2. The QMS permits dredging and bottom trawling and dredging in inshore waters including nursery areas.

2. Ban bottom trawling and dredging from inshore waters and sensitive marine habitats.

3. Small scale commercial fishers do not receive a reasonable return for their efforts. This encourages low cost, bulk harvesting of fish.

3. Reintroduce competition and innovation to commercial fishing. Encourage regional artisanal fishing enterprises to create jobs and higher value per kilo returns for fish and fishers.

4. No resource fee applies to commercial catch, which leads to overfishing of inshore stocks. Kaimoana is not readily available in areas traditionally fished by recreational and Maori customary fishers.

4. Apply a resource rental levy to commercial catch. Reset catch limits so fish stocks can recover to abundant levels and to restore biodiversity.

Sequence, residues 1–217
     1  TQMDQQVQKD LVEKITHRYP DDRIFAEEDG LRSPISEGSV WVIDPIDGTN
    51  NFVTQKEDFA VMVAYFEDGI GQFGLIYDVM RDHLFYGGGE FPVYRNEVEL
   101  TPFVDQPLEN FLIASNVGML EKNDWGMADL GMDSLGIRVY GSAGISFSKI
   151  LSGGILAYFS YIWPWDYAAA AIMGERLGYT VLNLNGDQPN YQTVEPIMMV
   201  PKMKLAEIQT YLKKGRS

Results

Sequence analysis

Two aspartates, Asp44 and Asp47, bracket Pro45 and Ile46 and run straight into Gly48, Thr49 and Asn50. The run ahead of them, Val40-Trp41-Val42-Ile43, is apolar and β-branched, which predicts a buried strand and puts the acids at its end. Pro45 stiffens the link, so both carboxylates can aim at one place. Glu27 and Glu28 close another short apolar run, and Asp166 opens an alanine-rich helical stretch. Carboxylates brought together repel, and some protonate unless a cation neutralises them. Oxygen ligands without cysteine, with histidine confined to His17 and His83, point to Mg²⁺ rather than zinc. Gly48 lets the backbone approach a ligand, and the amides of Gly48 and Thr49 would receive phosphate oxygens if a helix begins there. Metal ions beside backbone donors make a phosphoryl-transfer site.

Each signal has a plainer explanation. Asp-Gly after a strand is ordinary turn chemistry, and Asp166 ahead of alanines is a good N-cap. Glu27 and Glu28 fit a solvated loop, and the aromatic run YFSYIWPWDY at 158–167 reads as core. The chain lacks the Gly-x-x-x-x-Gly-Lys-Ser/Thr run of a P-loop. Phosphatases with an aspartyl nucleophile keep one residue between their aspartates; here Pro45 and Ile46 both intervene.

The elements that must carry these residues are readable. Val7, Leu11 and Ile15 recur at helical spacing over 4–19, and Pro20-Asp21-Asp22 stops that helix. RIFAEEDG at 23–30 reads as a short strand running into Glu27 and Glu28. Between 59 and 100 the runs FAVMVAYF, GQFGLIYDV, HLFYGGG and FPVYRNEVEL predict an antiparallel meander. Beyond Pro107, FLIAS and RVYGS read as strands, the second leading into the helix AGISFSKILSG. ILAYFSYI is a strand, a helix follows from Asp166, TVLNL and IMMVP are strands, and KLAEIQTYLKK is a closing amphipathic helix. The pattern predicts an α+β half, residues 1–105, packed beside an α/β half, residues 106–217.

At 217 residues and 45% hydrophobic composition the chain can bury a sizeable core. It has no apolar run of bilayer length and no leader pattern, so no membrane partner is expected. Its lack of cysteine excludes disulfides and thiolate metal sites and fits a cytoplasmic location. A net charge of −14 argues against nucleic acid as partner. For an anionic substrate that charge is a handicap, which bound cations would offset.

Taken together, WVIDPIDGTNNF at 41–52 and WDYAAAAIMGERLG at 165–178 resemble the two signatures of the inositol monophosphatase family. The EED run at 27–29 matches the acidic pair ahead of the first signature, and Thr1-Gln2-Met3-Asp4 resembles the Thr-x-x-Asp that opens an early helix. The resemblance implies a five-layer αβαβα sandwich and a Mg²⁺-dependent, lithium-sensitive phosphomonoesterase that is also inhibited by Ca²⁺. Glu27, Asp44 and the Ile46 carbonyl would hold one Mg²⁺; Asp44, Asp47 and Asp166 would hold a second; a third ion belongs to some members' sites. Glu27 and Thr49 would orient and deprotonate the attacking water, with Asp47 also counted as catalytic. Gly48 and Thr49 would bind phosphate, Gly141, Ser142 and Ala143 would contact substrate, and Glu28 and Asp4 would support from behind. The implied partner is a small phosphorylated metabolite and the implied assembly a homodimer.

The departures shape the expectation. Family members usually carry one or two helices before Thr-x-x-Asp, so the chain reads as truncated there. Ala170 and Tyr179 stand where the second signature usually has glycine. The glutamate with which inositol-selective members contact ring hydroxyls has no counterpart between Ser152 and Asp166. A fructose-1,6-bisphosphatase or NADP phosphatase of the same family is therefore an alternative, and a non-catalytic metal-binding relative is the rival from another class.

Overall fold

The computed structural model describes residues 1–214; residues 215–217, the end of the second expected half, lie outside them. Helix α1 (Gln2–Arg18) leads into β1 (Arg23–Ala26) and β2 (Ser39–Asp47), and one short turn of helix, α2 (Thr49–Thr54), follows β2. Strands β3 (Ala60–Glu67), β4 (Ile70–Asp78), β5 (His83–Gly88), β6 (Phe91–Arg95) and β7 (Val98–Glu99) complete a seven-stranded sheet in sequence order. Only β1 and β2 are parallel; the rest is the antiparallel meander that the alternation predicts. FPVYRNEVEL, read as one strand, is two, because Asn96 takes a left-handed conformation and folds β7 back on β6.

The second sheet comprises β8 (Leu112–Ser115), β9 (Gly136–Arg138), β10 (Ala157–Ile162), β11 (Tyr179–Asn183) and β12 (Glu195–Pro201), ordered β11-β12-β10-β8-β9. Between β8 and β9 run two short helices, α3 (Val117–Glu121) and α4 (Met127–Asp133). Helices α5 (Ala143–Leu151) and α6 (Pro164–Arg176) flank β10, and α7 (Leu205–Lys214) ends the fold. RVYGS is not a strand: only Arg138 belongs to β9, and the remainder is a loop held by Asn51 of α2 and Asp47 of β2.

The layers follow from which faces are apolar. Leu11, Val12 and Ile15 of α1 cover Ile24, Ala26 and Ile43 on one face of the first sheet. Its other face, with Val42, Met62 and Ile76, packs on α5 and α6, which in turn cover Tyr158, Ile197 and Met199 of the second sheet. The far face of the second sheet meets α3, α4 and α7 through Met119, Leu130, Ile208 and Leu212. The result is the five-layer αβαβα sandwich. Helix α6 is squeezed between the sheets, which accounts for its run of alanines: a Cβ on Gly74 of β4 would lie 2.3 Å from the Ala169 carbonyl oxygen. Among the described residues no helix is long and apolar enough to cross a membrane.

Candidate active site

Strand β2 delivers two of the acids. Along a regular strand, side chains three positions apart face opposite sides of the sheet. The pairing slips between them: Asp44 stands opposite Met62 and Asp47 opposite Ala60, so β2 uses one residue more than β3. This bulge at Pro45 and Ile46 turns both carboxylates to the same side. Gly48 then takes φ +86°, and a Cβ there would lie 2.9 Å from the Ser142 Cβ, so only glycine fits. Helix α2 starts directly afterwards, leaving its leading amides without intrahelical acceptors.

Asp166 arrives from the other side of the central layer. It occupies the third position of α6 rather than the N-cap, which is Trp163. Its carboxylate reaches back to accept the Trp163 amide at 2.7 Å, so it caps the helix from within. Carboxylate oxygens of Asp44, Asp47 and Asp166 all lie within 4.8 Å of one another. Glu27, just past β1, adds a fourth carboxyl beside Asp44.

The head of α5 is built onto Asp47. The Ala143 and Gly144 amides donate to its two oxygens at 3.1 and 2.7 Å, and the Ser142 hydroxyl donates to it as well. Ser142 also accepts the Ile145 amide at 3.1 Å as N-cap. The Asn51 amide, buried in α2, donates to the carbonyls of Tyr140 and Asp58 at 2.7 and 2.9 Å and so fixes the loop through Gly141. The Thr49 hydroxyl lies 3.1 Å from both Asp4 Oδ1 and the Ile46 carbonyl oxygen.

5. Wastage from dumping and high grading of fish occurs because fishers cannot access sufficient rights to cover all catch taken in mixed, bulk harvest fisheries.

5. Multi-species time-limited fishing permits, effort limits, gear controls and mandatory onboard monitoring of commercial catches.

6. Inadequate funding for effective research, monitoring and policing of fishing.

6. Initiate independent monitoring of

Steps to abundance 

Rescue Fish requires the Crown to buy back existing commercial quota shares in the inshore fisheries at fair value. The combination of the initial buy-back and an equally large ongoing revenue stream from selling fishing permits with attached resource rentals means this would be at least fiscally neutral to the Crown over the long term.